It is now seven days since the Sunday Independent exposed Senator Ivor Callely’s dodgy expenses claims. Seven days and not a policeman in sight to investigate what are, in effect, serious allegations of fraud.
Liam Fay writes a hard hitting and accurate analysis of the scandal in today’s Sunday Times. Some quotes from is article.
The notion that Callely has “duties” in the sense that he provides a service or function is absurd. As one of the taoiseach’s appointees, he’s a professional placeman, a chair warmer.
Unelected and therefore unaccountable, he represents nobody but himself and has nothing to offer but his trademark self-importance.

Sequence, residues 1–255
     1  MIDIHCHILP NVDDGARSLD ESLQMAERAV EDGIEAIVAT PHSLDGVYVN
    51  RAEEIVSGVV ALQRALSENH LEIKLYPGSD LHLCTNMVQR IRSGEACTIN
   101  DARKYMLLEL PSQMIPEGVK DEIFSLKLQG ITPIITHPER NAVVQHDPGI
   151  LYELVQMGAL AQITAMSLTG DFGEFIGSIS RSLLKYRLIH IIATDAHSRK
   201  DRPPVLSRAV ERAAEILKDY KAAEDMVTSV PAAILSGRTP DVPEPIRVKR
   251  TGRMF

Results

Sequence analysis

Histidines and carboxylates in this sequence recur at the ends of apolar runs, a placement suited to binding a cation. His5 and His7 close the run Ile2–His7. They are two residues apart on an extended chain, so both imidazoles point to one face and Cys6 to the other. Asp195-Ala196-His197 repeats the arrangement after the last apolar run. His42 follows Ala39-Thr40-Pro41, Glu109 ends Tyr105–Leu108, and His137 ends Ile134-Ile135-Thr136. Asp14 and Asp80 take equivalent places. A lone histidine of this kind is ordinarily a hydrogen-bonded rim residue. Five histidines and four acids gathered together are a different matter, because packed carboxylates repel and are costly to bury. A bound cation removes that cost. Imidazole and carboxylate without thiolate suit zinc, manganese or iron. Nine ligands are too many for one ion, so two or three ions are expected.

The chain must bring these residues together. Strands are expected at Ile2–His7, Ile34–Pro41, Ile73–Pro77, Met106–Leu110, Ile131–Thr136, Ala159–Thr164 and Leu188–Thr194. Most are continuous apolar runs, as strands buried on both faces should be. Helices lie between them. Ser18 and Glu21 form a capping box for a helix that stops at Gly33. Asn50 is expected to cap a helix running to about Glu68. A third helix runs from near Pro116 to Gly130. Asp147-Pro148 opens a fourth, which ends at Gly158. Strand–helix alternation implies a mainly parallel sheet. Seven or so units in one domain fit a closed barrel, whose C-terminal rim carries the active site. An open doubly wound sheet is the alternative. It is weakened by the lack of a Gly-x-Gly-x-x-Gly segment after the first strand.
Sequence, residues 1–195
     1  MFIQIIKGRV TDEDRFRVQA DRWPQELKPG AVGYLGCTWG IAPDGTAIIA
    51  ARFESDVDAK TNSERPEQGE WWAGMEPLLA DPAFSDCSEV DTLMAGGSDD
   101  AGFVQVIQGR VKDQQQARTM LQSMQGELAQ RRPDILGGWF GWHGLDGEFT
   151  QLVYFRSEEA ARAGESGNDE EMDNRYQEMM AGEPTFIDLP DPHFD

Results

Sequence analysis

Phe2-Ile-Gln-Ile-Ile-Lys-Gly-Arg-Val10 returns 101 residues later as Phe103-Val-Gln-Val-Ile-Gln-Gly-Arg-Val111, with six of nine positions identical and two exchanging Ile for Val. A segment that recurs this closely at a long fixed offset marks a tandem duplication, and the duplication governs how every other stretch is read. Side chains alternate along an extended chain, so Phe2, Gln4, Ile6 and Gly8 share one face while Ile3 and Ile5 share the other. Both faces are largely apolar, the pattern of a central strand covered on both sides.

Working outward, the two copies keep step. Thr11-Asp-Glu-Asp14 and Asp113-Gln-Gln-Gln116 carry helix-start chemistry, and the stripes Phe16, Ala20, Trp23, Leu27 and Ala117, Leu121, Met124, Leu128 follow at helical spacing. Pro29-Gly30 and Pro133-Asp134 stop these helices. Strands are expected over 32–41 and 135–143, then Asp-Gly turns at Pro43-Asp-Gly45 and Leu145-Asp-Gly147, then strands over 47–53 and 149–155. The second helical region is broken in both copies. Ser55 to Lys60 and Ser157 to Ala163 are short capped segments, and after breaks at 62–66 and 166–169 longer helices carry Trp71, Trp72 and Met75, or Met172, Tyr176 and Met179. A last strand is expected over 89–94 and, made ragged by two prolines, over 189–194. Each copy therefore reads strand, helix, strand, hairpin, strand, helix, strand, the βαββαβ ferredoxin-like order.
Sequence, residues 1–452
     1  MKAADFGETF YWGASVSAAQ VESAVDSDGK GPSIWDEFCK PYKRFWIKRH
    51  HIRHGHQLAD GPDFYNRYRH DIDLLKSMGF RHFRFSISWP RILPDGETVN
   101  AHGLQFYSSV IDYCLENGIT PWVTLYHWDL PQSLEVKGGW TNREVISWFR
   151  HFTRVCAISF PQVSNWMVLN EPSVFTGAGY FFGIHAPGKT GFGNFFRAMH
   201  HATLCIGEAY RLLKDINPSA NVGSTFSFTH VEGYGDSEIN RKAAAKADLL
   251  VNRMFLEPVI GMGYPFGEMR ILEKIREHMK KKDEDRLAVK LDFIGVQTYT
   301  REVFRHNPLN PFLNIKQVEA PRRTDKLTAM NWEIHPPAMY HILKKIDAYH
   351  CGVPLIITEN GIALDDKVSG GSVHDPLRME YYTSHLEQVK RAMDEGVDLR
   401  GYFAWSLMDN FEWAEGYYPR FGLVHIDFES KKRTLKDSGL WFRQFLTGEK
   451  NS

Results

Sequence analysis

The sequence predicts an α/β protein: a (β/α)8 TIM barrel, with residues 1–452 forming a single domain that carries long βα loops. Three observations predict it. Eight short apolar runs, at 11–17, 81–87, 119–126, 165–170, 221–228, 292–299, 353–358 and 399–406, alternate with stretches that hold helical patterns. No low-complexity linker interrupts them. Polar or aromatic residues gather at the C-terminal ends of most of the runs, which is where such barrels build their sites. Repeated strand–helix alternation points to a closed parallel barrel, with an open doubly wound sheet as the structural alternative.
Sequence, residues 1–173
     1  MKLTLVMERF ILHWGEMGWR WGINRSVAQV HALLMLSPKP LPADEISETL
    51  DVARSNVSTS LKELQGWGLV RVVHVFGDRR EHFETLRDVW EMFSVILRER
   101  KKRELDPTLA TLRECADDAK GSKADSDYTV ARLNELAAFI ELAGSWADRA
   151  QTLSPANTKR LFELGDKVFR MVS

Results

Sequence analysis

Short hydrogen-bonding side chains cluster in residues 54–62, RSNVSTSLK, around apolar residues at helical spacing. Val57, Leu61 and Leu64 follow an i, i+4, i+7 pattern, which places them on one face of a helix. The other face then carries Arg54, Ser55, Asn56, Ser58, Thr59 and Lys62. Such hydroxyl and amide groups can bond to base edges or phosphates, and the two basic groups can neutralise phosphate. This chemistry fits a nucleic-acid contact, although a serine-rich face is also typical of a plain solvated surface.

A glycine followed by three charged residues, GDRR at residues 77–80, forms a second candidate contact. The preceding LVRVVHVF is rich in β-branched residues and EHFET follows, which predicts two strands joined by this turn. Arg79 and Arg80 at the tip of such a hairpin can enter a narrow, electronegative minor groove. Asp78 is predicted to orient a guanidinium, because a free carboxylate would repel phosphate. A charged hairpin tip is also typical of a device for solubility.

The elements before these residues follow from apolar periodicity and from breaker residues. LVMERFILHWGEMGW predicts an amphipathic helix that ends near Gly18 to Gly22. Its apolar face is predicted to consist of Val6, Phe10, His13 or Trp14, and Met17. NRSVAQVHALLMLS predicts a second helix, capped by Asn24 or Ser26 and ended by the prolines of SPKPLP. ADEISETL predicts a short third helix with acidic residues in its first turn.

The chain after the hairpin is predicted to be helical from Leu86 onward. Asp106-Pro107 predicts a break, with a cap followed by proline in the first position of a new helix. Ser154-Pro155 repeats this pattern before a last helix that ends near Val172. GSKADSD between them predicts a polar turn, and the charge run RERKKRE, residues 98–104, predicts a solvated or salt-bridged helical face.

Similarly, Callely is more emblematic of the culture of the Seanad than most senators will admit.
After all, the whole expenses system is a joke, an elaborate cash-dispensing machine that rewards senators for simply turning up to perform a part-time job of no discernible usefulness for which they are already overpaid in the first place.
As we are discovering, Callely isn’t the only senator to claim travel expenses from a distant address that is not officially listed as his home.
If the Callely affair proves anything, it’s the case for the abolition of the Seanad, a talking shop designed solely for the aggrandisement of a political elite.